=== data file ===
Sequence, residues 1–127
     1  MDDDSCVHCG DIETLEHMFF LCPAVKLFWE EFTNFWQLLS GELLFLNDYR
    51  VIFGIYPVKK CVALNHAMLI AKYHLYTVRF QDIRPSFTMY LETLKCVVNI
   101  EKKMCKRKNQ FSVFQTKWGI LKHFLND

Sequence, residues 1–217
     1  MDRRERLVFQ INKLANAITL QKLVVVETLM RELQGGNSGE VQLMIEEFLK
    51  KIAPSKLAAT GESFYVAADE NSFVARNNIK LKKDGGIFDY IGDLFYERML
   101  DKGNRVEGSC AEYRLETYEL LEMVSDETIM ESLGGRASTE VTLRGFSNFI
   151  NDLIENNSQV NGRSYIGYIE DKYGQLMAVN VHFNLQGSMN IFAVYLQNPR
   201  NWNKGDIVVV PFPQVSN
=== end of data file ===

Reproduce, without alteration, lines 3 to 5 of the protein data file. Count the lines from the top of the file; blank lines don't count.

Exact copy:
    51  VIFGIYPVKK CVALNHAMLI AKYHLYTVRF QDIRPSFTMY LETLKCVVNI
   101  EKKMCKRKNQ FSVFQTKWGI LKHFLND

Sequence, residues 1–217